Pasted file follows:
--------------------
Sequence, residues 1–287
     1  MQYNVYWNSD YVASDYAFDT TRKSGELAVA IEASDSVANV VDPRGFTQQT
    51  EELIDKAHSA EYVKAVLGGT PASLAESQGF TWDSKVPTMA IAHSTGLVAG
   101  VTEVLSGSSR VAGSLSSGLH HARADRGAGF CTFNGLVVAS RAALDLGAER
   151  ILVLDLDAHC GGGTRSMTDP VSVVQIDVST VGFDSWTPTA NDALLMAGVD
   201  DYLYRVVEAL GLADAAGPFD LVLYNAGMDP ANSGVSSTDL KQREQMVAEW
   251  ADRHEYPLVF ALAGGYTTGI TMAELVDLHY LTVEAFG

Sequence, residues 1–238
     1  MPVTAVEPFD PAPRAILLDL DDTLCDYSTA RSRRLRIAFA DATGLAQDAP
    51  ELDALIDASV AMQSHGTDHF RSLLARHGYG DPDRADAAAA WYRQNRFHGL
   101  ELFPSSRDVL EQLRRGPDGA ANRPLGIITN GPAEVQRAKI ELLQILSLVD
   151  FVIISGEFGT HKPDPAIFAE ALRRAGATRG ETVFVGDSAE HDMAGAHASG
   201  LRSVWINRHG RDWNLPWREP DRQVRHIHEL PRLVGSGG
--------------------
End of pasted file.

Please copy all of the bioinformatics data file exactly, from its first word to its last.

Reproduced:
Sequence, residues 1–287
     1  MQYNVYWNSD YVASDYAFDT TRKSGELAVA IEASDSVANV VDPRGFTQQT
    51  EELIDKAHSA EYVKAVLGGT PASLAESQGF TWDSKVPTMA IAHSTGLVAG
   101  VTEVLSGSSR VAGSLSSGLH HARADRGAGF CTFNGLVVAS RAALDLGAER
   151  ILVLDLDAHC GGGTRSMTDP VSVVQIDVST VGFDSWTPTA NDALLMAGVD
   201  DYLYRVVEAL GLADAAGPFD LVLYNAGMDP ANSGVSSTDL KQREQMVAEW
   251  ADRHEYPLVF ALAGGYTTGI TMAELVDLHY LTVEAFG

Sequence, residues 1–238
     1  MPVTAVEPFD PAPRAILLDL DDTLCDYSTA RSRRLRIAFA DATGLAQDAP
    51  ELDALIDASV AMQSHGTDHF RSLLARHGYG DPDRADAAAA WYRQNRFHGL
   101  ELFPSSRDVL EQLRRGPDGA ANRPLGIITN GPAEVQRAKI ELLQILSLVD
   151  FVIISGEFGT HKPDPAIFAE ALRRAGATRG ETVFVGDSAE HDMAGAHASG
   201  LRSVWINRHG RDWNLPWREP DRQVRHIHEL PRLVGSGG